Third, under the IDX policy, a participant’s display must comply with the policy and applicable laws and regulations. However, disclosures required under the policy could be problematic. Will a participant clearly understand which IDX disclosures are mandatory versus exempt for a given display? Will all electronic displays of IDX data be capable of linking directly back to a display that includes all required disclosures? If not, may an MLS ban the display?
What requirements that had applied to “participant public websites” might not work for these other channels? Are there critical differences among the channels? For example, if state law requires disclosure of the brokerage firm when displaying listing content, is a tweet exempt from that requirement? Could the MLS ban the display?
Fourth, as far as compliance, how will an MLS be positioned to monitor IDX displays? May the MLS charge a participant according to the number of display channels, rather than simply for a data feed, to defray monitoring costs? We think the implied answer is ‘yes,’ because generally, NAR has not gotten in the business of setting MLSs’ prices. Will the MLS be in a position to manage broker and seller opt-outs as before? We think the answer is ‘probably yes,’ but there may be additional cost in terms of time and resources. The policy’s opt-out language remains intact. So, if Participant A does not like the chosen electronic listing display of Participant B, is Participant A’s only choice to pull out of IDX altogether? The answer appears to be ‘yes’; if social media uses of data are controversial, the result could be damage to IDX in general.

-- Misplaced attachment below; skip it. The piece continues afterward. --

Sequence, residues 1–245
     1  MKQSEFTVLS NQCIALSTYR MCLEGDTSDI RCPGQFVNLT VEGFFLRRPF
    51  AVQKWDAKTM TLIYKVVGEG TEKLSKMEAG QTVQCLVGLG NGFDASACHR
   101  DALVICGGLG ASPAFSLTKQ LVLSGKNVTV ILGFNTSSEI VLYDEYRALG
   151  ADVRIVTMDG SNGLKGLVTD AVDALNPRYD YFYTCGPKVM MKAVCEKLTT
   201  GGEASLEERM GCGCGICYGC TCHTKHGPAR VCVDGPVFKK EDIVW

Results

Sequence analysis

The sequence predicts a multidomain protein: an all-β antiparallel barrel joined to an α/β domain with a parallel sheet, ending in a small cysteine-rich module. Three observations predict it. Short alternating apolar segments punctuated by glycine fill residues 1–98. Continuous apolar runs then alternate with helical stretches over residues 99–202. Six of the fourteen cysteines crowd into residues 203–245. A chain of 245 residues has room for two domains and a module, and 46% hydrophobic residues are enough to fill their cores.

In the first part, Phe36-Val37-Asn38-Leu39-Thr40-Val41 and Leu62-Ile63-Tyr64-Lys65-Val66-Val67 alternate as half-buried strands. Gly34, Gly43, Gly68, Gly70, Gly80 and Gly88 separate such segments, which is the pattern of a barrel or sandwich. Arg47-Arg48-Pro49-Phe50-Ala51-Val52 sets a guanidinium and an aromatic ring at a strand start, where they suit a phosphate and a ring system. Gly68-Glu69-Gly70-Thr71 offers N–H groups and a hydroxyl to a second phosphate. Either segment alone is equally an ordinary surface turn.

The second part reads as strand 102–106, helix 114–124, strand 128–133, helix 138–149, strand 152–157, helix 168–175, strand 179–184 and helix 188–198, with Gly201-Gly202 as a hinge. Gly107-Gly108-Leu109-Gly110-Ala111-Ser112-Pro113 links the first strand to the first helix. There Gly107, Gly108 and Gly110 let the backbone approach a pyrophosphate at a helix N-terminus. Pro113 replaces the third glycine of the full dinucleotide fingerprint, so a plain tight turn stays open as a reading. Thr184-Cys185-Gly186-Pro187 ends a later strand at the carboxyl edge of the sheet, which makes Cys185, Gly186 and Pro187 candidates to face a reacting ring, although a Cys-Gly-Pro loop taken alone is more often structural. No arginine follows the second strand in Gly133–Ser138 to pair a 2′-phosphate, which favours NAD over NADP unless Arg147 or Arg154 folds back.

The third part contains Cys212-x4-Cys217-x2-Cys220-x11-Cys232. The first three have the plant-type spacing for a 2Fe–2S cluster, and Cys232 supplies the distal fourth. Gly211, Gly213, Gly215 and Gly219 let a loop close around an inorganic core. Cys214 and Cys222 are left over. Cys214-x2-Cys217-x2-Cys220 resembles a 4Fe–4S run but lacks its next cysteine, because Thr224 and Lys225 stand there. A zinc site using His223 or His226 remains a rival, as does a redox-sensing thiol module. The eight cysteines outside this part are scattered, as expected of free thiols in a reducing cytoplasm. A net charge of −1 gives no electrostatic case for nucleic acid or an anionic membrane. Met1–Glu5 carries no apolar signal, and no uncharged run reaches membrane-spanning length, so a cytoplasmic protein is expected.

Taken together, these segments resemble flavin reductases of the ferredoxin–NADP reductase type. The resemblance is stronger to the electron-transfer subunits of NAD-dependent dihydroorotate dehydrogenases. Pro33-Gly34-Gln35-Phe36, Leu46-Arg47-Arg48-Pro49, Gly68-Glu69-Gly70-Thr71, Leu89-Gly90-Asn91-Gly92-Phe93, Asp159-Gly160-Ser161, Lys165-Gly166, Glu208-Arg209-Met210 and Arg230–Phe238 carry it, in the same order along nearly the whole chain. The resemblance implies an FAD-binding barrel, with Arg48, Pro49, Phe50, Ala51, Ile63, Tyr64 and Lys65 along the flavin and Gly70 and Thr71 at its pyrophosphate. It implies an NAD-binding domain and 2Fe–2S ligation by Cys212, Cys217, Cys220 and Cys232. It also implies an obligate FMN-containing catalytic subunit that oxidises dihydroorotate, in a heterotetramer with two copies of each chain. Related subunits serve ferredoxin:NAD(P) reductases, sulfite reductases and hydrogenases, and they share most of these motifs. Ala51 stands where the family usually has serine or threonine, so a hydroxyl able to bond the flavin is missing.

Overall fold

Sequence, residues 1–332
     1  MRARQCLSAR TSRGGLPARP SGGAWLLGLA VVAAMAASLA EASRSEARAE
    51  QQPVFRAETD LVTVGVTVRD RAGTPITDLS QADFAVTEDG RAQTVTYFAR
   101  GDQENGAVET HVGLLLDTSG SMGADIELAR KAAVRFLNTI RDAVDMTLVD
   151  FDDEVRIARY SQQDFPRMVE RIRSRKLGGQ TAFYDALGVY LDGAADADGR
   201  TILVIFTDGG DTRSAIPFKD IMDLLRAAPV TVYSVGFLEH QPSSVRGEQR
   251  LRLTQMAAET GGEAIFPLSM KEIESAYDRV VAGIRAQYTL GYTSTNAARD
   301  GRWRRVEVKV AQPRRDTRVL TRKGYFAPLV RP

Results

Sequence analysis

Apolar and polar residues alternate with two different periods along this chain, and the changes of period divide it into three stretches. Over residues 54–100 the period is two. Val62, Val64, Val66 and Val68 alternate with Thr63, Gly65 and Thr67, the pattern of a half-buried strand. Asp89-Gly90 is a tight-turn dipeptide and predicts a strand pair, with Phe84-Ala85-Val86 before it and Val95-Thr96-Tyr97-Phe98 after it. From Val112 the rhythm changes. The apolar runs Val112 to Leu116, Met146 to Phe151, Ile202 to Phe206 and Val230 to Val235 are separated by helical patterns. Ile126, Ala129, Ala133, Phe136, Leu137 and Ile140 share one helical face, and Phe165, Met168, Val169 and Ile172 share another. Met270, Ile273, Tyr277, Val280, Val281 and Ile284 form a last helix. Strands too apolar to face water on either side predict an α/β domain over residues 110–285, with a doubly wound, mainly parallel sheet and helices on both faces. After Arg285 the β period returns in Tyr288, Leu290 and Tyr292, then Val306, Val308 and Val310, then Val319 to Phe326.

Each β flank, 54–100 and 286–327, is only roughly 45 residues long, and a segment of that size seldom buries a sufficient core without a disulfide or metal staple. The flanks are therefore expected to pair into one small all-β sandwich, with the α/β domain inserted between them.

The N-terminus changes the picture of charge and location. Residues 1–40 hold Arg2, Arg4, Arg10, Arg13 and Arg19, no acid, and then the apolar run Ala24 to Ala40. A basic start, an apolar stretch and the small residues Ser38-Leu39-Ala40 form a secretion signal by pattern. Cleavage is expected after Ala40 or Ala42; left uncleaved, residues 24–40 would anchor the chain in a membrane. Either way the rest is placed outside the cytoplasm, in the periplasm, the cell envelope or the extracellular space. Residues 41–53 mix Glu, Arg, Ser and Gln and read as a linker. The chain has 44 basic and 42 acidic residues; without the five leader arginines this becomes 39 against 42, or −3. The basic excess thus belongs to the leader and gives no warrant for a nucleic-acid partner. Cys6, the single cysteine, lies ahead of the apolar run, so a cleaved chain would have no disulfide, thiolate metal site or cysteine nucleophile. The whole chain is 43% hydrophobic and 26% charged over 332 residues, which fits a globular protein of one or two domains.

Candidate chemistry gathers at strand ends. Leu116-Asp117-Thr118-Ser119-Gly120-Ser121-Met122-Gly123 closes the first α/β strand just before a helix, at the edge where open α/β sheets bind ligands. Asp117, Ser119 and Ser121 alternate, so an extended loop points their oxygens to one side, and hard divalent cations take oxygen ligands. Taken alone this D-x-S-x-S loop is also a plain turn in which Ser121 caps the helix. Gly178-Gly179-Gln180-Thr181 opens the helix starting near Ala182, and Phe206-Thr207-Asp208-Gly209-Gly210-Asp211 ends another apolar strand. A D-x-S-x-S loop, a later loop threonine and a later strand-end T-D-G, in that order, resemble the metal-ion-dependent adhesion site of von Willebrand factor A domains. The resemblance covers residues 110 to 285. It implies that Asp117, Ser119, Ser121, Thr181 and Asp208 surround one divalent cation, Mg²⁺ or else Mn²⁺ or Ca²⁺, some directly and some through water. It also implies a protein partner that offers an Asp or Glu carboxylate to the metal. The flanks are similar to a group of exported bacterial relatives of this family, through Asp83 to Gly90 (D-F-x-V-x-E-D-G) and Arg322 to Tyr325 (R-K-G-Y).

Changing with the Times
The PAG’s IDX policy recommendations are acknowledgment that public websites are only one of many forms of electronic communication available to participants for advertising. Innovative solutions are out there. Is the proposed policy just right to allow participants to creatively use the next, as-yet-undeveloped technology in her real estate efforts? Or is it too wide-open for practical implementation? Should any of the language issues be resolved before the policy is adopted?